echo json_encode($attachments);
  exit();
 }

WordPress Plug-ins Used: postMash

The postMash plug-in (http://wordpress.org/extend/plugins/postmash/) was important for this site because unlike a blog, the most recently added entry doesn’t necessarily belong at the front of the line. The postMash plug-in provides a nice “drag-n-drop” interface for reordering posts.

I did make one change to the plug-in in the postMash.php file at line 153. I felt like having the word ‘postMash’ in the left hand column wasn’t descriptive enough, so I changed that menu item name. Here’s how the postMash_add_pages function looks in my update:

Here’s the original code:

function postMash_add_pages(){
 //add menu link
 global $minlevel, $wp_version;
 if($wp_version >= 2.7){
  $page = add_submenu_page('edit.php', 'postMash: Order Posts', 'postMash', $minlevel,  __FILE__, 'postMash_main'); 
 }else{
  $page = add_management_page('postMash: Order Posts', 'postMash', $minlevel, __FILE__, 'postMash_main');
 }
 add_action("admin_print_scripts-$page", 'postMash_head'); //add css styles and JS code to head
}

And here is how it was updated:

function postMash_add_pages(){
 //add menu link
 global $minlevel, $wp_version;
 if($wp_version >= 2.7){
  $page = add_submenu_page('edit.php', 'postMash: Order Posts', 'Reorder', $minlevel,  __FILE__, 'postMash_main'); 
 }else{
  $page = add_management_page('postMash: Order Posts', 'postMash', $minlevel, __FILE__, 'postMash_main');
 }
 add_action("admin_print_scripts-$page", 'postMash_head'); //add css styles and JS code to head
}

WordPress Plug-ins Used: The rest of them.

There are a number of other plug-ins that help this site along. None of the others have any customization to them though. Here’s a quick list.

1. All in One SEO Pack - (http://wordpress.org/extend/plugins/all-in-one-seo-pack/) Gets your site found more easily.

2. Custom Post Limits - (http://wordpress.org/extend/plugins/custom-post-limits/) I think I ended up not actually needing this, but it gives you control of how many posts automatically show up on different pages.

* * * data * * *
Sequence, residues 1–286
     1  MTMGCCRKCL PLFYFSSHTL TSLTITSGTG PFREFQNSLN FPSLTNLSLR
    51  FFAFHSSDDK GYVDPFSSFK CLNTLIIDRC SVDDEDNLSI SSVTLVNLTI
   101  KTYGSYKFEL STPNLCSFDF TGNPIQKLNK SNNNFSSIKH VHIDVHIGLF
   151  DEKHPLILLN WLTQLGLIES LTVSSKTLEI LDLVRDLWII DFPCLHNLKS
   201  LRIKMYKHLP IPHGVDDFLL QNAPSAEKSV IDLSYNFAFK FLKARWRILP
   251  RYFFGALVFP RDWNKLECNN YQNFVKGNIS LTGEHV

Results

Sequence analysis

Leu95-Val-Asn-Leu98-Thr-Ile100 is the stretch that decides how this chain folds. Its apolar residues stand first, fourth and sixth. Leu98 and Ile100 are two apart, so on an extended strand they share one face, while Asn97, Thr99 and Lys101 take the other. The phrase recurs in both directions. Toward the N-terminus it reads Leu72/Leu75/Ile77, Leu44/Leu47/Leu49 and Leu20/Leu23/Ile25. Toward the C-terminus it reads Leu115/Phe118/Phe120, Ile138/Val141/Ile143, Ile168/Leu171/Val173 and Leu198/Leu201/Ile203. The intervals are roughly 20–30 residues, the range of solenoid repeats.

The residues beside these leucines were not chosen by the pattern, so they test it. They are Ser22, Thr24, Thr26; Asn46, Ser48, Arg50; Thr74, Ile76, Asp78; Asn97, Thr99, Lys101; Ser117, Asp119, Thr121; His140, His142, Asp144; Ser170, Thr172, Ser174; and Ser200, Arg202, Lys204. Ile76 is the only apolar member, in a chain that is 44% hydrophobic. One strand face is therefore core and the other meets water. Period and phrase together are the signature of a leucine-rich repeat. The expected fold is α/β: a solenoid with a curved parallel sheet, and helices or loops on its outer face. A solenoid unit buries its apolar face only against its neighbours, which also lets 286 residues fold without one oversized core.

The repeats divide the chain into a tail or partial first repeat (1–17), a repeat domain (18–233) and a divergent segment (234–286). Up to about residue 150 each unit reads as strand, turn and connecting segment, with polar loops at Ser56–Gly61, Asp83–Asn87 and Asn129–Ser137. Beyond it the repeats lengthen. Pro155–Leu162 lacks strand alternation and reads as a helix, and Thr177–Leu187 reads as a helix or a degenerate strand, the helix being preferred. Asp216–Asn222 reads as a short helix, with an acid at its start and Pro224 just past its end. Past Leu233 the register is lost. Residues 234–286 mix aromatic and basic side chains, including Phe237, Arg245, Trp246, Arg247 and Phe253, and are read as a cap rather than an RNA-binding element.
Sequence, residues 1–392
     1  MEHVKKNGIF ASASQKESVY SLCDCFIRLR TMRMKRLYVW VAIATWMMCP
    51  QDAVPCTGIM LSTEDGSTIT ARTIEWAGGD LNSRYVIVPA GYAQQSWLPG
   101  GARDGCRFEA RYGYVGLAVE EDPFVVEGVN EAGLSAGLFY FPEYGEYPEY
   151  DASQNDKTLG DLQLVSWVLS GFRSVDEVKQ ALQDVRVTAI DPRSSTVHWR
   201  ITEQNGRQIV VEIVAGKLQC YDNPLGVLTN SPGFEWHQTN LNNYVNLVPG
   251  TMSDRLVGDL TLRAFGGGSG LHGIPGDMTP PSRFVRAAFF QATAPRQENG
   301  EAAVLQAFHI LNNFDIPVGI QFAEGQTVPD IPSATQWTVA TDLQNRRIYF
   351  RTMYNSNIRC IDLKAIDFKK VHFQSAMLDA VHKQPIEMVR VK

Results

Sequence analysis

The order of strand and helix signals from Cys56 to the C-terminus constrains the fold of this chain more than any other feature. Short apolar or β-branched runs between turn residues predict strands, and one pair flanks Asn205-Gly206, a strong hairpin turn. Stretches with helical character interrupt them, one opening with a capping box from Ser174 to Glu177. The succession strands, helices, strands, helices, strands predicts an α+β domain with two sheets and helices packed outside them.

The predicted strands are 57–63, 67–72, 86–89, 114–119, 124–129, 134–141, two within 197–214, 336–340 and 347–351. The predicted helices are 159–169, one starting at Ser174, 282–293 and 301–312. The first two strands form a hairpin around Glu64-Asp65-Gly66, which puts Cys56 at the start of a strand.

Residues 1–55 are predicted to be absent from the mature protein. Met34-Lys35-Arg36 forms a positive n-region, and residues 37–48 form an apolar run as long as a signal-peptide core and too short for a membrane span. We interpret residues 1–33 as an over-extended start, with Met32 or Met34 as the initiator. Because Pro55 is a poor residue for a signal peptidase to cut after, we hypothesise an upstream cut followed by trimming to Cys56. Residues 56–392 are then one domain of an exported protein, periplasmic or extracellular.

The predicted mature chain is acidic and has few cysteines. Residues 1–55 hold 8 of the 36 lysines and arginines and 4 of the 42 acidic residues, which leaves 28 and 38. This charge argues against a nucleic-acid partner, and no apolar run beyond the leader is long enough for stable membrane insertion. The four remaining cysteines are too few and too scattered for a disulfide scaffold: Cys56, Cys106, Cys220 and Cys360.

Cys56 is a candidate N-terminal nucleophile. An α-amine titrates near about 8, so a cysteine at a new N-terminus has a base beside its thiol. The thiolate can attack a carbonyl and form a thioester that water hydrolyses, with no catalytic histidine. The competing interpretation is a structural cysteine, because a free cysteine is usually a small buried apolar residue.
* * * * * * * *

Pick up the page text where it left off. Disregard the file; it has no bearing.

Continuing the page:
3. Google Analytics for WordPress - (http://wordpress.org/extend/plugins/google-analytics-for-wordpress/) Simplify the installation of Google Analytics into any WordPress site.

4. Google XML Sitemaps - (http://wordpress.org/extend/plugins/google-sitemap-generator/) Google likes for you to have a site map of the content of your site. It helps Google. You help Google and hopefully they help you back. This plug in help generate that site map XML document for you.

5. Search & Replace - (http://wordpress.org/extend/plugins/search-and-replace/) I used when moving the site from the development server to the live server. There were a lot of image paths pointing to the wrong location in the database and this plug-in helps you do your SQL search and replace very easily.

6. TinyMCE Advanced - (http://wordpress.org/extend/plugins/tinymce-advanced/) The default text styling controls didn’t include a horizontal rule tag and this plug in let me add it in.

7. Twitter for Wordpress - (http://wordpress.org/extend/plugins/twitter-for-wordpress/) There is a Twitter feed on the TRÜF site. This handy plug-in simplified setting it up.

8. WP-DBManager - (http://wordpress.org/extend/plugins/wp-dbmanager/) I use this mainly for backing up the database on a regular basis.

9. WP Super Cache - (http://wordpress.org/extend/plugins/wp-super-cache/) This helps speed up the site by caching pages. It’s a must have for every WordPress site.

This screenshot below shows you what version numbers I used at the time of the build.

Screenshot of plug-in page for TRÜF Wordpress admin

TRÜF was a really fun site to work on and I learned a lot about WordPress doing it. I’m currently working on an Expression Engine project, another CMS, and I do find it more powerful and I’ll continue using it for the SuperGeekery build, but WordPress is a very impressive CMS. I expect to use both in the future.

Comments on this post.

Thanks for the shout-out John! Cool post. It was a pleasure working with you, as always. We are so happy with our site and have gotten an amazing response so far! WordPress is so easy to use and surprisingly fast when uploading a good amount of content. I would recommend it for anyone creating a portfolio site.

By Monika Kehrer on Jan 24 2010

Well said Monika, I am a massive fan of Wordpress, ever since Wordcamp 2009 cardiff, where I was lucky enough to hear Matt Mullenweg talk about his vision for Wordpress including wordpress MU, it has become my base for any website not just the blogging part.

By taylor on May 25 2011